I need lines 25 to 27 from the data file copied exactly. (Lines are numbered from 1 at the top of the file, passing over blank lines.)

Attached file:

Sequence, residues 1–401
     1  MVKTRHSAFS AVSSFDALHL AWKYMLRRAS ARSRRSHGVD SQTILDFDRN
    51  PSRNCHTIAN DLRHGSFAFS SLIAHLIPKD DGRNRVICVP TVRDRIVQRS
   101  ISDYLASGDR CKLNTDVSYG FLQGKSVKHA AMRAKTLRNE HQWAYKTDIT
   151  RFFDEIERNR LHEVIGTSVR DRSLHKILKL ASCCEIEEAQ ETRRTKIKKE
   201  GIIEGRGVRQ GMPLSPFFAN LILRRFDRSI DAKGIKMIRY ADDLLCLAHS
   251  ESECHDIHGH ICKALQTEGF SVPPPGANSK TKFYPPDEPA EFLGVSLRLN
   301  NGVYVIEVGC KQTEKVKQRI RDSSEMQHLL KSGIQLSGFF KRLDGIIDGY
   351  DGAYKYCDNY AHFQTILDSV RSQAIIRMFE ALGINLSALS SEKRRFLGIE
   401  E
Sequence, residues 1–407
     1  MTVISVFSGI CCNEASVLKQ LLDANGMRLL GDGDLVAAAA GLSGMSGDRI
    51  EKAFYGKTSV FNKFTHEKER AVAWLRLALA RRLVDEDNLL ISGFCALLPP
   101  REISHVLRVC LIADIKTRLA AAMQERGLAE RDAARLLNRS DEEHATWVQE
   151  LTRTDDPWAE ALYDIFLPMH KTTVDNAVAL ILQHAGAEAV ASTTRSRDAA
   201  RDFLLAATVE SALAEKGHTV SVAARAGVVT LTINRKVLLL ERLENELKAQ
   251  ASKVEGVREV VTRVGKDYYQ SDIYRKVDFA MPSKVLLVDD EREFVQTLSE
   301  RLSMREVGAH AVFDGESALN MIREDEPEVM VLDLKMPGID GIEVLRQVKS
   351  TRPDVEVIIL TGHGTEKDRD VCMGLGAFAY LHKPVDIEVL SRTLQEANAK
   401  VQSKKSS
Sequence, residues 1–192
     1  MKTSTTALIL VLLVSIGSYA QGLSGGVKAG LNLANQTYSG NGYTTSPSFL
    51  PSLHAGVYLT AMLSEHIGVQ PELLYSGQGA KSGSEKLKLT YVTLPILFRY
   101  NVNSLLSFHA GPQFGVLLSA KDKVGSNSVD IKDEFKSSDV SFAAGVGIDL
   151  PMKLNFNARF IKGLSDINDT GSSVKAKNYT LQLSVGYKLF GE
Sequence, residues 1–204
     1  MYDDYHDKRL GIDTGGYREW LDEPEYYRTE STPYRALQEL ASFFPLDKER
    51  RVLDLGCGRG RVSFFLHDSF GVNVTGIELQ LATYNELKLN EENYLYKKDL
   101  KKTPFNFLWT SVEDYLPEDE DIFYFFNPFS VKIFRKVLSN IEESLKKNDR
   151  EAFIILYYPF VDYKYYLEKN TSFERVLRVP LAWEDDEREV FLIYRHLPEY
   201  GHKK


   151  PMKLNFNARF IKGLSDINDT GSSVKAKNYT LQLSVGYKLF GE
Sequence, residues 1–204
     1  MYDDYHDKRL GIDTGGYREW LDEPEYYRTE STPYRALQEL ASFFPLDKER